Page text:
Monday, November 30, 2009

Questions For John Hillcoat, Director of The Road

Check out the following Q & A with John Hillcoat regarding the challenges of filming The Road!

Questions For John Hillcoat, Director of The Road

Friday, November 20, 2009

Quarter 2 Extra Credit Opportunities

You may complete one of the following for extra credit in Quarter 2. I will make another option available at the end of the quarter. The assignment is due by Friday, December 4th.

The Road: Movie vs. Novel

The movie version of The Road will be released by the end of November. As an extra credit opportunity, you should attend the film with a parent/guardian. Then complete the following steps in order to earn up to 5 extra credit points. Trust me; these seemingly small assignments do make a difference in your overall grade for the quarter.

1. Go to the theater and watch the movie, The Road. You will need to attend this with a parent/guardian.
2. Save your ticket stub to submit with your paper.
3. Create a detailed double bubble comparing/contrasting the movie to the novel. Each bubble requires a specific example from the film and the novel.
4. Write a one-page, thoughtful observation about the most striking similarities and differences between film and movie. This must provide evidence that you considered both texts carefully. Do discuss at the end of your paper, which version of the story you preferred and why. Offer specific examples.
5. Ask the parent/guardian, with whom you viewed the film, to hand write his/her comments/reflections about the film on the back of the page and to sign the paper.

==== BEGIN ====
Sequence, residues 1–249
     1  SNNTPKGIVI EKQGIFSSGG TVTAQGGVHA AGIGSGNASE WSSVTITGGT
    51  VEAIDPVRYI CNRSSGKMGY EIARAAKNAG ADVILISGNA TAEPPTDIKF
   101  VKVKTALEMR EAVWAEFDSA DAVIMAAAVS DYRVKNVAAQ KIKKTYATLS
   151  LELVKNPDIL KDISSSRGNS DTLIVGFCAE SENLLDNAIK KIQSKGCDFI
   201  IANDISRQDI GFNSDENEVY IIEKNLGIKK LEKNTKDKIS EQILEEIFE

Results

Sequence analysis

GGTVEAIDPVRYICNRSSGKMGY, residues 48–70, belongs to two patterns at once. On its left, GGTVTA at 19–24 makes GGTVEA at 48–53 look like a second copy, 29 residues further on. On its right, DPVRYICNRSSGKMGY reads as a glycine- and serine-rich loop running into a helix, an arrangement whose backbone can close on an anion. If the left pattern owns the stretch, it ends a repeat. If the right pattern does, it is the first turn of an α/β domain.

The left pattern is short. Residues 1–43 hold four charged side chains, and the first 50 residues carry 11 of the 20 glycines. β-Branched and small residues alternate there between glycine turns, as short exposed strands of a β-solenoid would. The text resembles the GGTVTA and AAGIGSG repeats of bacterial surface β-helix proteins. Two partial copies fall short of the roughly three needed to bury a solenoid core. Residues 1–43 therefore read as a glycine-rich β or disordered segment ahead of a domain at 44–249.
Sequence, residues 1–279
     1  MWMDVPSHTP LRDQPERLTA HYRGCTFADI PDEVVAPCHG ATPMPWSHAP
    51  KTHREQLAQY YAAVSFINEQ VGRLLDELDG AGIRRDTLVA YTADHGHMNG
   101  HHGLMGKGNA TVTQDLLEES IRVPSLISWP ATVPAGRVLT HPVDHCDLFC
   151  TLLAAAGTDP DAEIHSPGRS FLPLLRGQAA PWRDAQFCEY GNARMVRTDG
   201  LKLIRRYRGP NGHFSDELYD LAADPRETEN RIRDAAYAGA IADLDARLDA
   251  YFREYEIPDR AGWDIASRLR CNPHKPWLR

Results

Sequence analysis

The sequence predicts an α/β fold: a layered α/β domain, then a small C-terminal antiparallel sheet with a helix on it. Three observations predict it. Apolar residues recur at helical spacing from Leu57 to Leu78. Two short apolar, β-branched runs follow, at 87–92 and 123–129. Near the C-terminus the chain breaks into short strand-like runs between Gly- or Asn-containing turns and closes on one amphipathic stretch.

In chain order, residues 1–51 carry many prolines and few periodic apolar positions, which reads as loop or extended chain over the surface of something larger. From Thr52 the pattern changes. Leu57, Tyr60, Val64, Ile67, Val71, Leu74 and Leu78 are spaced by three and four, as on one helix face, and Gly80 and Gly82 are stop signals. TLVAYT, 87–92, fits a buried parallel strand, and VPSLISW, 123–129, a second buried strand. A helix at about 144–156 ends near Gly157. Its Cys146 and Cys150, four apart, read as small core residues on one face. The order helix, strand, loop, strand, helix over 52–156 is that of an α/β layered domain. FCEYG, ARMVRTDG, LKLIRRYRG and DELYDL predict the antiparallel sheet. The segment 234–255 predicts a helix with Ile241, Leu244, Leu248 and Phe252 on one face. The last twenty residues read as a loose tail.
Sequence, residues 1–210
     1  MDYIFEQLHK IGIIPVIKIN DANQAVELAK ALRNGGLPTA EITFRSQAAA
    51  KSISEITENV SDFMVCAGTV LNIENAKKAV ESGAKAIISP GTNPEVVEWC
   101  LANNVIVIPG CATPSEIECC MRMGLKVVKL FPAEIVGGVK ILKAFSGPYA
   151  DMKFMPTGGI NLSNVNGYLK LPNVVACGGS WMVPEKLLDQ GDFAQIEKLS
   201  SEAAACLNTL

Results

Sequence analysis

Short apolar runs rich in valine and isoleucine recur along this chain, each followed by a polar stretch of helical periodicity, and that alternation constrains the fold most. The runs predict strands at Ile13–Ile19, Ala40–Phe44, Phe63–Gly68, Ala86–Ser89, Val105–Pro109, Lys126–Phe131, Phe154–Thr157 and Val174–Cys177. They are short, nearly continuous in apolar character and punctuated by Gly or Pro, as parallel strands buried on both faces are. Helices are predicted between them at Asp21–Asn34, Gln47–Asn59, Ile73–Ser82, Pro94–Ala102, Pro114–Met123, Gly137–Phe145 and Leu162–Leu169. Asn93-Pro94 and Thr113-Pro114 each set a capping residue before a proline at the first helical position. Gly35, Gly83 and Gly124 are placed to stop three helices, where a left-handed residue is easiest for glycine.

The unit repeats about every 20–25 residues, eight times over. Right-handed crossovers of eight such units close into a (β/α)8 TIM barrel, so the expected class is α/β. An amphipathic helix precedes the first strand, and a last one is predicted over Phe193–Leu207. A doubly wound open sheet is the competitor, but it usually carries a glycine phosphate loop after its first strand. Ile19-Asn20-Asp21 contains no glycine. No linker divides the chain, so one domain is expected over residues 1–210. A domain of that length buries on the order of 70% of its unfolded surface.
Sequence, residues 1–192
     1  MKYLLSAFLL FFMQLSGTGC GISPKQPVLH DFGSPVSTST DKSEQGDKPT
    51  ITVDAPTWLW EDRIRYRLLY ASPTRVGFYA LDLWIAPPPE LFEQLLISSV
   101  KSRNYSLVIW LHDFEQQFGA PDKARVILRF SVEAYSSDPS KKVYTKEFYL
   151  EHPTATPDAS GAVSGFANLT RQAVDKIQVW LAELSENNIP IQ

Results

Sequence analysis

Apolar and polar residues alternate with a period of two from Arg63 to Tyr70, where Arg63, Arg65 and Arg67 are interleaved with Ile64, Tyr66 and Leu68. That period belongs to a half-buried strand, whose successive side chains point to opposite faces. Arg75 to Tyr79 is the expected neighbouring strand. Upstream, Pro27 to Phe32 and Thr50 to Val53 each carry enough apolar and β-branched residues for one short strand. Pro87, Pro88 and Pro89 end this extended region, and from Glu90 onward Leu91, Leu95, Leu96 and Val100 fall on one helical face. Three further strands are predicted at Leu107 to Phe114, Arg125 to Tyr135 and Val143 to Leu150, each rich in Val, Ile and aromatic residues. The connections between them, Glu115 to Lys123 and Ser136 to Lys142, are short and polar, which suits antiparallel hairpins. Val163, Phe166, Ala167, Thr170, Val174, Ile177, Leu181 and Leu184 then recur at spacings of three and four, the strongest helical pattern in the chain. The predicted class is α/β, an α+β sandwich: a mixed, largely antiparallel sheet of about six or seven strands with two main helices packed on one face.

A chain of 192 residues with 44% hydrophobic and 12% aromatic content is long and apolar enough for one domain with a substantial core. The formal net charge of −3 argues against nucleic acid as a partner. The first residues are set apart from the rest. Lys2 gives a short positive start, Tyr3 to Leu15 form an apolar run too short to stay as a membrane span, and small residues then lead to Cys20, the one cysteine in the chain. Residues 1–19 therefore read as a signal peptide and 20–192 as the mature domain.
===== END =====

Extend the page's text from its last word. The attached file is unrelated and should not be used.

6. Submit this by Friday, December 4th.

Invocation of the Muse
Your Task: Imitate the first sixteen lines of The Odyssey, imagining that this is the opening to an epic about your life.


1. Begin with an invocation to the Muse: “Tell me, Muse…” or “Sing to me, Muse…” or similar.
2. Include epithets about yourself and the other characters of your epic.
3. Give a snapshot of your quest.
4. Include a bit of “formal-sounding” language. The idea is to play with Homer’s language in order to become more comfortable with it.
5. Describe the setting. Make the setting sound grand in scale.


Tell me, Muse, about the man of many miles,
Who many times dashed as he ran through the streets of Santa
Monica. He saw the Fatigue of his teammates and knew their pain.
On the course, he too suffered great pains within his lungs,
Yearning for the finish line, and his teammates’ success.
He could not guide his team to victory, though he wanted to:
His teammates had lost the race because of their laziness.
The slackers had disregarded the wise words
Of the well-traveled coach Cady, who knew the path to victory.
Tell the tale for us, beginning with the previous day,
Sometime after the piercing bell had sounded.
When all the others, seeking refuge from the torments of school
Had fled, light-footed to the safety of their homes.
Yet he alone, longing for the final mile and his own return,
Wan confined by sound-minded Coach Cady, who strives for excellence,
To the fenced-in, crimson rubber surface that was his training ground.

(Ethan Hutt, qtd. in Jago, Carol. Classics in the Classroom. Portsmouth, NH: Heinemann, 2004.)